From my vantage point in a busy, functioning congregation, when I see celebrity evangelists and their meticulously manufactured personas hawking their books, consulting services, and eponymous merchandising websites, they look like creatures from another planet – bizarrely, artificially cheerful creatures in a candy-colored galaxy in no way resembling my own. They are as far from my experience or understanding as Barney the purple dinosaur – or the musical stylings of Celine Dion. The fact that people – strangers – seem to love them, only makes me more confused. Joel Osteen’s arena audiences, for instance, clapping and shouting amen to the notion that success and prosperity can be achieved by boldly declarin’ words of faith n’ vic-tree over your life and family, only make me more hostile.

Joel Osteen, predictably, symbolized everything I thought wrong – which is to say, incomprehensible to me – about the Brave New World of celebrity pastors, as he was not even one of “us.” He assumed the leadership of his church and the role of pastor-teacher with limited biblical training and no experience as a minister, having dropped out of Oral Roberts University after just one semester. Hearing that title applied to just anyone standing at a podium was particularly angering. It burned. (Still does a little.)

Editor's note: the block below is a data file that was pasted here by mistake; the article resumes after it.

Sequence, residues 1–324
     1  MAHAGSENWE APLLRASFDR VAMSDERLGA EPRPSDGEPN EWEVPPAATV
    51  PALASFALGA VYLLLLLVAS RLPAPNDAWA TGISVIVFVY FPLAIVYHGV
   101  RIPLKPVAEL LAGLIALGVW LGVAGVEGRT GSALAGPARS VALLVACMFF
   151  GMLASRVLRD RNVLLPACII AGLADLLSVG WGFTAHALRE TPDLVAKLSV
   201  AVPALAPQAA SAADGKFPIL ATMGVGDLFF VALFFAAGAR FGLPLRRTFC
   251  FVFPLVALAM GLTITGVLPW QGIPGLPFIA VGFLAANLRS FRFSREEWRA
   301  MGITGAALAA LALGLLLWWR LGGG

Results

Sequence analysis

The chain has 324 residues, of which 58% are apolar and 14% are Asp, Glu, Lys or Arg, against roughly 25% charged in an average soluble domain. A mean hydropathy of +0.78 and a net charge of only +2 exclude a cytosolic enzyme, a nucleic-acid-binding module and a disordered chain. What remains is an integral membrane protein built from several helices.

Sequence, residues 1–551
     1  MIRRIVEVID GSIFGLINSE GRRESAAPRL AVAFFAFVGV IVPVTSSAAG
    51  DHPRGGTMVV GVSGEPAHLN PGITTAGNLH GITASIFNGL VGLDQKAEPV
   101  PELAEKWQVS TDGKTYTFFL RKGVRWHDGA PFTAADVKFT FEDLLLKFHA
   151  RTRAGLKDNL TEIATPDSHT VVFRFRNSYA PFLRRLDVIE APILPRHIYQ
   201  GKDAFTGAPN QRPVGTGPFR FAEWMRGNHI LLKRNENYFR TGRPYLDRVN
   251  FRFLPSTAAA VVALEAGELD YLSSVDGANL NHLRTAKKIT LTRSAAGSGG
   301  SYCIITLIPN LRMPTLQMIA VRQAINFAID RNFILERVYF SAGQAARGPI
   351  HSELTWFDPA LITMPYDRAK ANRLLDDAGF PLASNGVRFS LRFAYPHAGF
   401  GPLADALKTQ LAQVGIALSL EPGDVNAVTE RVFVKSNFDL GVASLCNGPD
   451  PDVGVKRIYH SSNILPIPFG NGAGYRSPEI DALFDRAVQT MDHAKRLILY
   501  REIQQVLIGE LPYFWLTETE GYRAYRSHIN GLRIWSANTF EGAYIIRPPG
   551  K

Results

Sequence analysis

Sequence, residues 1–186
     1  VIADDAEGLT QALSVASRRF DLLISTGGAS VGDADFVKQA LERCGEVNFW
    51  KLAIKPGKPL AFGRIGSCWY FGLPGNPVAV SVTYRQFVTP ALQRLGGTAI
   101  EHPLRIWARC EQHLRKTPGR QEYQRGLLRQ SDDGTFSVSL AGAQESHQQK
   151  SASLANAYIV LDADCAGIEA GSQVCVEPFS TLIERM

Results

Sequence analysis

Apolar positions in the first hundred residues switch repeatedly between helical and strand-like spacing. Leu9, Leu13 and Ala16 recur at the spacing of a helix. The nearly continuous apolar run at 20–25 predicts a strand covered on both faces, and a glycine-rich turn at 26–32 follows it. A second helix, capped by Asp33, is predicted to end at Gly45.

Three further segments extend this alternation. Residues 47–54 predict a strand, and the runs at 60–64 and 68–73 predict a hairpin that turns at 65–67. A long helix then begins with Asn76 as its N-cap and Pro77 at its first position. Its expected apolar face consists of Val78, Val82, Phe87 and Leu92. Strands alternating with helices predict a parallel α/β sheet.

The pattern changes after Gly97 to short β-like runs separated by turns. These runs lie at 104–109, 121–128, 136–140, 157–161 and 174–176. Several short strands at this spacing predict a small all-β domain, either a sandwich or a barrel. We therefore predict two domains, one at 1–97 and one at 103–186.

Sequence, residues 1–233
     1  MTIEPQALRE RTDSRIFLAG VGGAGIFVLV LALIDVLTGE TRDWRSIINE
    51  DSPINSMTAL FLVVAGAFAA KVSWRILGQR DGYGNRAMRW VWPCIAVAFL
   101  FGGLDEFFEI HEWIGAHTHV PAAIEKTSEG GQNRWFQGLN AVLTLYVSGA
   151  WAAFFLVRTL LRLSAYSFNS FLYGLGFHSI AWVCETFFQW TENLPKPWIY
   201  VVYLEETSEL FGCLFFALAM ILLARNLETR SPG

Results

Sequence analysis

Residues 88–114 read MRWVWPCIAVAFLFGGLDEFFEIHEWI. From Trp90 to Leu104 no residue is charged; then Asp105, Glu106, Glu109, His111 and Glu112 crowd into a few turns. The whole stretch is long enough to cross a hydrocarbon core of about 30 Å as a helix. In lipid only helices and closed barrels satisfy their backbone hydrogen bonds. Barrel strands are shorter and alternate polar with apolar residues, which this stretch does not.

And if any further evidence is needed of the inevitability, the supremacy of the Media-Savvy Model within the Restoration Movement – the runaway locomotive of its success, the brutal genius of the Celebrity-Tops-Sound-Doctrine Plan – well, look at the landscape now: while our Christian colleges and universities are in dire straits everywhere, and our distinguished theologians are being sacked all across the country, our national convention has now exchanged the integrity of God’s Word for the power of positive, crowd-building declarations.

“Can I Have It (And Do It) All, Please?” Christine Caine’s cri de coeur for Christian women everywhere and the title of one of her more popular books, proclaims the life-changing power of regular, vocal Word Faith affirmations. In it, she points to her own life and accomplishments as irrefutable evidence of their efficacy.